As an attorney defending drivers in DWI cases, I look to the video, whether mobile, body cam, in-station or from a pole outside a 7-Eleven store, to find out what really happened.
By Peter Lederman
Published in the New Jersey Law Journal
My generation was probably the first to grow up watching television. I remember the little black and white TV in my room where I watched immortal classics such as Howdy Doody, Captain Video, Superman and the Lone Ranger. I suppose I should have spent more time curled up with a good book or communing with nature, but TV, even the terrible TV of the early years, was like a drug whose grip I could not break. I was seduced, under the spell and captive to an unrelenting gravitational force from which there was no release.
Truth is, I still find myself staring at video images, albeit on a much larger screen part of a more sophisticated video system. Captain Video and Howdy are long gone and it’s usually not worth the time to watch the Mets play these days. Nope, instead of watching the Lone Ranger and Superman, I find myself in front of a screen, watching countless mobile and in-station videos that are prepared for different purposes by law enforcement.
Many police departments maintain extensive in-station video to create a record of what happens within their stations. Mobile video systems have been used for years. Sometimes referred to as “dash cams,” these systems automatically engage when overhead lights start flashing. They can also be activated before a driver is “lit up” by flipping a switch in the patrol car. There are also closed circuit cameras installed in public areas which provide a view of what occurs below on the street.
The newest rage of course, is body cameras, commonly referred to as body cams. Clipped on the officer’s uniform, these small devices see and hear everything the officer sees and hears. While not perfect, they are an improvement over fixed cameras and mobile video that mostly see through the windshield of the patrol car. This can be a problem. As anyone who has represented a defendant in a State Police DWI case knows, the driver is always taken in front of his car and out of the sight of the camera, for administration of field sobriety tests. These tests usually determine whether a driver drives home or is transported to the local police station or barracks for breath testing. The ability to actually see the driver perform these tests is crucial when representing a defendant.
On the other hand, body cams go where the officer goes. If the driver is taken to the front of his car and out of the sight of the dash cam, the body cam goes along with him. There is no more excuse that “safety” considerations prevent creation of a record of what really happened on the street.
I’ve seen body cams in action and have represented clients whose cases were resolved because of what they recorded. A good example involved a client who was taken to the neighboring town for breath testing when the local breath test device malfunctioned. The officer of course, is responsible to conduct the 20 minutes of observation after arriving at the other station, before the breath test can begin. Through the lens of the Body Cam then, we can see the defendant sitting across from the officer, who engages the defendant in conversation to pass the time. The 20-minute clock is ticking when another driver arrives for breath testing because of the same problem.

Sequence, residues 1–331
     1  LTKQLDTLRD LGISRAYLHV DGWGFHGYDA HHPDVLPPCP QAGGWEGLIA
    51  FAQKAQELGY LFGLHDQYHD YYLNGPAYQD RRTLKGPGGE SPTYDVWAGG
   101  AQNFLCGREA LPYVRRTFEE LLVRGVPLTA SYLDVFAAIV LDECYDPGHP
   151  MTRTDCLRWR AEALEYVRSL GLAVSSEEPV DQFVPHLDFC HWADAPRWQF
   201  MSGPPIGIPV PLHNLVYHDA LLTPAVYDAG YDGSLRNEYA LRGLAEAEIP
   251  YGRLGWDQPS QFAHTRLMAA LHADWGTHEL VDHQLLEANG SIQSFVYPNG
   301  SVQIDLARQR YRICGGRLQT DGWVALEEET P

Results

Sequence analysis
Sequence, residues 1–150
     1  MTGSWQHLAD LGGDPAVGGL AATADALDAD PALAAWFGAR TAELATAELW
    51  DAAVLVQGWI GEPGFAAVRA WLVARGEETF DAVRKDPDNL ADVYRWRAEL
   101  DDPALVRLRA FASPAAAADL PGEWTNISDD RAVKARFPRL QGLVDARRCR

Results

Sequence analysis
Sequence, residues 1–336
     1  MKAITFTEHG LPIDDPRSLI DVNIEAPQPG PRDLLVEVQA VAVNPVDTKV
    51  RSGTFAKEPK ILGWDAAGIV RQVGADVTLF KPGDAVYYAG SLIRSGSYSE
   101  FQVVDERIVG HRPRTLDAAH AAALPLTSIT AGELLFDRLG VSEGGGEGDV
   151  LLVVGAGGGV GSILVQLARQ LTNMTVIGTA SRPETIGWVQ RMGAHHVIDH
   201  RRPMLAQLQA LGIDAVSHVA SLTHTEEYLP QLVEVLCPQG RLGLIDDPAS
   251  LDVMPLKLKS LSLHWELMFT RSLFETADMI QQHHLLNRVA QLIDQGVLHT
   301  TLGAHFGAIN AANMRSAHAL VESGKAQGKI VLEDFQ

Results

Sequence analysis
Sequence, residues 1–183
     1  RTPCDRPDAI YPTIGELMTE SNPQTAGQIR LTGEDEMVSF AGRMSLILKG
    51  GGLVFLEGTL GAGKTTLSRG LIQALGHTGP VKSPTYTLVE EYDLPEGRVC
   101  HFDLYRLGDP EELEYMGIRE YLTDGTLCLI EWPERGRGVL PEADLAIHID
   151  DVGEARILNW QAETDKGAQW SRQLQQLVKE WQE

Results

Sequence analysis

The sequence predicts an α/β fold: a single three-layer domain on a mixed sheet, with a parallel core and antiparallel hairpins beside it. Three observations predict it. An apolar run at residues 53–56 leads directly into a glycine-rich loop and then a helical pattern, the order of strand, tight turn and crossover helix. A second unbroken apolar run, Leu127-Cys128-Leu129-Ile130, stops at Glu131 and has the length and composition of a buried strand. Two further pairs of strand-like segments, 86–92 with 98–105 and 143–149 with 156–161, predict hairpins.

What happens next changes the outcome of our case and results from a body cam that just keeps absorbing images and sounds. The officer gets up from his seat in the breath testing room, goes to the next room to greet his fellow officer and engages the young lady who has just arrived in conversation. End of 20 minutes of observation, end of breath test, end of per se violation. Of course, the officer’s report reflects that the proper observations were made without interruption before the breath test was conducted.
As an attorney defending drivers in DWI cases, I look to the video, whether mobile, body cam, in-station or from a pole outside a 7-Eleven store, to find out what really happened. This is because officers and troopers seem to prove the proposition that creating a record with the written word is a lost art. I am being generous.
Many reports are cut and pasted or at best reflect a “templet” which the Officer or Trooper has committed to memory. I once represented a driver stopped on a bridge, fortunately for him, under a camera on a light pole. The officer’s report described in detail how my client failed all of the field sobriety tests conducted after he was asked to step from his car. Unfortunately for the officer, the video showed how the Officer approached the car, opened the door, pulled the driver out of the car and arrested him. No field sobriety tests were administered, no less failed.
The New Jersey Supreme Court recently found that video recordings were essential discovery that a prosecutor was bound to provide. In State v. Stein, the court rejected the State’s proposition that videos did not have to be produced. Rather, it held that videos were required to conduct fair and just trials.
Of course, the real question will be whether towns and other jurisdictions purchase equipment that will provide video evidence. Recent legislation requiring this was found to create an unconstitutional burden on local government by The Council on Local Mandates. One might conclude that legislation without adequate funding was simply a cynical exercise. If there was a will, the legislature would have found a way, perhaps using the Drunk Driving Enforcement Fund which brings significant funds back to towns for extra duty DWI patrols and related enforcement activities.
Bottom line is that videos matter. Forget my old childhood standards. I’ll take this reality TV any time.